HAMDEN - Loyalties are often divided in a community described by its own mayor as a strong hockey town.
But as the Stanley Cup Final plays out this week, Hamden is turning its collective attention to the West Coast. One of its own is wearing a Los Angeles Kings uniform, turning an entire town into fans of a franchise bidding to win its first title in history.
"Yes, we have a ton of Los Angeles Kings fans now," Hamden Mayor Scott Jackson said Thursday. "We're really proud."
Jonathan Quick, born in Milford and raised in Hamden, isn't just any player for the Kings. The 26-year-old goaltender has been the driving force behind the team's improbable run through the playoffs, climbing from the eighth and final seed in the Western Conference to the cusp of a title.
Although the Kings lost to the Devils in Game 4 of their championship series Wednesday night, they remain one victory away from the coveted Stanley Cup. And if they complete the task Saturday night in Newark, Quick is among the favorites to win the Conn Smythe Trophy as most valuable player in the playoffs.
Quick, among the best goaltenders in the NHL, has stopped 475 of 501 shots (.948 save percentage) in winning 15 times in 18 playoff games. He has a 1.39 goals against average, allowing only 26 goals in the playoffs.
He would be just the third American to win the Conn Smythe Trophy, following Brian Leetch of the Rangers in 1994 and Tim Thomas of the Bruins in 2011. Leetch was raised in Cheshire and is among the great athletes produced by the state.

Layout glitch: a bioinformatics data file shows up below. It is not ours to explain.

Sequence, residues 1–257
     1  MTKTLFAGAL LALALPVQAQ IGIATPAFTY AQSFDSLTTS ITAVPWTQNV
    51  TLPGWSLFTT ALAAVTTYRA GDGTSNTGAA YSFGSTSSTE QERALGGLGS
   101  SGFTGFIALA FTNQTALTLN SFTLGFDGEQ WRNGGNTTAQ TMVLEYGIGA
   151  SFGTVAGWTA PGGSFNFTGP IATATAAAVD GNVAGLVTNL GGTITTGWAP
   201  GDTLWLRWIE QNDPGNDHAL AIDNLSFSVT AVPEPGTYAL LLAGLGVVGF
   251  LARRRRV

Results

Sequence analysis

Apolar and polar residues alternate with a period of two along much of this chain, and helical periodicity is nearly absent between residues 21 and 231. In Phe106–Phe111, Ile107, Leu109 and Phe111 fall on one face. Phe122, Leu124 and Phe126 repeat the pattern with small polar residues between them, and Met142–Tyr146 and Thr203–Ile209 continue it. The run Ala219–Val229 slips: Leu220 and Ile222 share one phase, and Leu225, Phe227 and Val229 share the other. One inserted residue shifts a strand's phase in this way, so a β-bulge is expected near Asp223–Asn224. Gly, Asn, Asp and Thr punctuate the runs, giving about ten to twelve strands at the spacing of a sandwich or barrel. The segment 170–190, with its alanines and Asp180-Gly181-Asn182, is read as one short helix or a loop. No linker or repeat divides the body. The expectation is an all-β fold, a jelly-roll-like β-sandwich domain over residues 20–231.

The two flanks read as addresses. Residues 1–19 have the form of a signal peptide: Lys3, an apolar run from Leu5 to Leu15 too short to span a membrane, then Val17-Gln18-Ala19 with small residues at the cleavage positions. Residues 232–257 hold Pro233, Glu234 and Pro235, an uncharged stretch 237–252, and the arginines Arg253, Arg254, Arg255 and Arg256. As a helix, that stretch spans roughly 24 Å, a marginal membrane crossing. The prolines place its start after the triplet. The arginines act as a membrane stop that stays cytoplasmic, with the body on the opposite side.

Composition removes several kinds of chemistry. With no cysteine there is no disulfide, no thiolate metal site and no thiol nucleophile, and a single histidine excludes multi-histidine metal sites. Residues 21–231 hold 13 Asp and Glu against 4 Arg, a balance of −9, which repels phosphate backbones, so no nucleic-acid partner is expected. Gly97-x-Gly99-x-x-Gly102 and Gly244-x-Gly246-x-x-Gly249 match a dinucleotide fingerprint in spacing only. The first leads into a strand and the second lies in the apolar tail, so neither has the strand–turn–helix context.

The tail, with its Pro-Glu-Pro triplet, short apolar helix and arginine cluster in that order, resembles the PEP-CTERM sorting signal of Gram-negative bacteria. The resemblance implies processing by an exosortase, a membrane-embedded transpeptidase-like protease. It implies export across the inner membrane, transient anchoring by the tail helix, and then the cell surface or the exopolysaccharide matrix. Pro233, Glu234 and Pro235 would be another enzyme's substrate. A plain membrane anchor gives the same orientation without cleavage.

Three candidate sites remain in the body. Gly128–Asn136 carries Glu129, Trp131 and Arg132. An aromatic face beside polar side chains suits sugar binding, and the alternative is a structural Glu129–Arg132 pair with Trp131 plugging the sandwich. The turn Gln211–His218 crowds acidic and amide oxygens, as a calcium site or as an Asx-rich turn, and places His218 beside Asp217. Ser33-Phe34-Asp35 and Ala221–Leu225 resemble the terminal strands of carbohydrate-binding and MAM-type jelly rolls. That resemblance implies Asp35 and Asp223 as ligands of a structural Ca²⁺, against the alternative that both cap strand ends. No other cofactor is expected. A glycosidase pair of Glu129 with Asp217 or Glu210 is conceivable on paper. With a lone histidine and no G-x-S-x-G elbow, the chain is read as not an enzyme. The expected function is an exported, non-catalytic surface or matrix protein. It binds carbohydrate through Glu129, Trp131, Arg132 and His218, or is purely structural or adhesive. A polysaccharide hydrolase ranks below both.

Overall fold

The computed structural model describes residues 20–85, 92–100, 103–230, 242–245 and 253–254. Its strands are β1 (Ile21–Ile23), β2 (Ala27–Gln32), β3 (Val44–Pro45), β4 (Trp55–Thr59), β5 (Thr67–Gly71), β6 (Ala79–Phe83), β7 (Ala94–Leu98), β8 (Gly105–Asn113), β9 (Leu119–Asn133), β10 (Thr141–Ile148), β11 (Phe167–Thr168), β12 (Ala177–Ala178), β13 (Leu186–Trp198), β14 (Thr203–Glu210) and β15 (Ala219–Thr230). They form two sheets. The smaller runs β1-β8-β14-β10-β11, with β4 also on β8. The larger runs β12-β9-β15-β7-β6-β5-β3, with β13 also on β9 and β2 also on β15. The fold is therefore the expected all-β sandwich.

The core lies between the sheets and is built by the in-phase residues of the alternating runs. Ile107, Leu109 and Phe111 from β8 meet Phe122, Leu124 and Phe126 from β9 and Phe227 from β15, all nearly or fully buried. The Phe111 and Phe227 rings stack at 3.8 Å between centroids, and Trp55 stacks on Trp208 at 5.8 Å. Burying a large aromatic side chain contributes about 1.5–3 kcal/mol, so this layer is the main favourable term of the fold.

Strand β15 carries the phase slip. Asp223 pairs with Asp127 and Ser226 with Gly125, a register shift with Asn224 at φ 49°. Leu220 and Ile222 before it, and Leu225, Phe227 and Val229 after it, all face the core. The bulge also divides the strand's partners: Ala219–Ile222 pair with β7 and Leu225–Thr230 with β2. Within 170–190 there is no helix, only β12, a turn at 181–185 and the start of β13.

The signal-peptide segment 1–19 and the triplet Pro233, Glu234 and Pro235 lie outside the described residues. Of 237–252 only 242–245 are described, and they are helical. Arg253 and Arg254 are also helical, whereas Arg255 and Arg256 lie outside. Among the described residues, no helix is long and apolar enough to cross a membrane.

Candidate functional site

Quick, though, is building an impressive resume.
"This town has produced a lot of great hockey players," said Hamden High assistant coach Todd Hall, who was drafted by the Whalers out of the school in 1991 and later played in the minor leagues. "But to be doing it in the spotlight he's in, it's tremendous. ... He's been absolutely amazing."
Hall starred at Hamden High before playing for Boston College and the University of New Hampshire. His professional career ended in 2001 after playing for the Hartford Wolf Pack, and he immediately joined his high school alma mater as an assistant coach.
One of his first tasks was testing a sophomore goaltender by peppering the youngster with shots. Hall began by going easy on the kid.
"That lasted for like two seconds," Hall said. "[Quick] was so determined to stop the puck."
Eleven years later, Hall sees the same focus and determination. And wherever he goes in Hamden, the conversation is the same.
"It's, 'Kings this, Kings that,' " said Hall, a Hamden firefighter. "This is a great hockey town. People are excited."
On the block where Quick grew up playing street hockey, the allegiance is obvious. There's a Kings banner hanging from one house on Tanglewood Drive, a Kings jersey dangling from a garage door and a good luck sign draped from a window.
A few blocks away, Rainbow Cleaners on Whitney Avenue displays a "GOOD LUCK, JON QUICK LA KINGS" sign in front. The family-run business, where Quick worked as a teenager, is owned by Hamden High hockey coach Bill Verneris.
Verneris played at Hamden and was a longtime assistant coach before taking over the program in 2001. He coached Quick as a freshman on the junior varsity team and his first win as a varsity head coach was with Quick in goal.
"We're definitely proud of him," Verneris said. "It's the talk of the town. Doesn't matter where you go, he's on TV. It's like any hometown hero. And this is a great hockey town. There's so much history here."
Hamden High has won 17 CIAC titles and has a long history as one of the best programs in the state. The town produced Bob McVey, a member of the 1960 U.S. Olympic gold medal team, and a stream of college players has passed through the town's youth hockey program.
Jackson, elected mayor in 2009, played football at Hamden High. He is quick to boast about the town's many virtues and its athletic residents, from former UConn and NBA player Scott Burrell to light heavyweight champion Chad Dawson.